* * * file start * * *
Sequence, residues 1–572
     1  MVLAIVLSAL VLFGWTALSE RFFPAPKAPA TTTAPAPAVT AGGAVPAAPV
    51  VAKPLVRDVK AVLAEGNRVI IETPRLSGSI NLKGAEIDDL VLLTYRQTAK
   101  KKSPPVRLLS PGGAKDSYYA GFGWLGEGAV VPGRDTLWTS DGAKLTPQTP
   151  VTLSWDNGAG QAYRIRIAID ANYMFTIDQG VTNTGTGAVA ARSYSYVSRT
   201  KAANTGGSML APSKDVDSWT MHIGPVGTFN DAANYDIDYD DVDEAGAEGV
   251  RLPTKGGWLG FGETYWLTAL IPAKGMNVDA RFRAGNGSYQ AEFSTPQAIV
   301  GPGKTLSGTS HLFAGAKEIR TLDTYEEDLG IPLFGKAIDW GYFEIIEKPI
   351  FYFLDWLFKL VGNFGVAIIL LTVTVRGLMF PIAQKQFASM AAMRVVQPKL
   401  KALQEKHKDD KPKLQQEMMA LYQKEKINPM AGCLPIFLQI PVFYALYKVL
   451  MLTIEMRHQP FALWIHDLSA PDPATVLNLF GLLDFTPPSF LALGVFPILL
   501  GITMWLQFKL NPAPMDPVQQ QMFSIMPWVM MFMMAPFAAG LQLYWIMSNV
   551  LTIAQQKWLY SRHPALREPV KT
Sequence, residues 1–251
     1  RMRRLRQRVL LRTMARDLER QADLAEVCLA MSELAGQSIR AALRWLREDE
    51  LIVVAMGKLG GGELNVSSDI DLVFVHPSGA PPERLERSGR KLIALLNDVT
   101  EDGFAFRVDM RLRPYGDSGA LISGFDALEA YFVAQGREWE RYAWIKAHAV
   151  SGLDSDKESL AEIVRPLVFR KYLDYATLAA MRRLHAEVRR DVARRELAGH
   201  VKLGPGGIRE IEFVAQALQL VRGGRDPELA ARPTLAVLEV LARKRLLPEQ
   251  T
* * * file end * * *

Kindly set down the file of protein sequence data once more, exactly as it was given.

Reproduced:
Sequence, residues 1–572
     1  MVLAIVLSAL VLFGWTALSE RFFPAPKAPA TTTAPAPAVT AGGAVPAAPV
    51  VAKPLVRDVK AVLAEGNRVI IETPRLSGSI NLKGAEIDDL VLLTYRQTAK
   101  KKSPPVRLLS PGGAKDSYYA GFGWLGEGAV VPGRDTLWTS DGAKLTPQTP
   151  VTLSWDNGAG QAYRIRIAID ANYMFTIDQG VTNTGTGAVA ARSYSYVSRT
   201  KAANTGGSML APSKDVDSWT MHIGPVGTFN DAANYDIDYD DVDEAGAEGV
   251  RLPTKGGWLG FGETYWLTAL IPAKGMNVDA RFRAGNGSYQ AEFSTPQAIV
   301  GPGKTLSGTS HLFAGAKEIR TLDTYEEDLG IPLFGKAIDW GYFEIIEKPI
   351  FYFLDWLFKL VGNFGVAIIL LTVTVRGLMF PIAQKQFASM AAMRVVQPKL
   401  KALQEKHKDD KPKLQQEMMA LYQKEKINPM AGCLPIFLQI PVFYALYKVL
   451  MLTIEMRHQP FALWIHDLSA PDPATVLNLF GLLDFTPPSF LALGVFPILL
   501  GITMWLQFKL NPAPMDPVQQ QMFSIMPWVM MFMMAPFAAG LQLYWIMSNV
   551  LTIAQQKWLY SRHPALREPV KT
Sequence, residues 1–251
     1  RMRRLRQRVL LRTMARDLER QADLAEVCLA MSELAGQSIR AALRWLREDE
    51  LIVVAMGKLG GGELNVSSDI DLVFVHPSGA PPERLERSGR KLIALLNDVT
   101  EDGFAFRVDM RLRPYGDSGA LISGFDALEA YFVAQGREWE RYAWIKAHAV
   151  SGLDSDKESL AEIVRPLVFR KYLDYATLAA MRRLHAEVRR DVARRELAGH
   201  VKLGPGGIRE IEFVAQALQL VRGGRDPELA ARPTLAVLEV LARKRLLPEQ
   251  T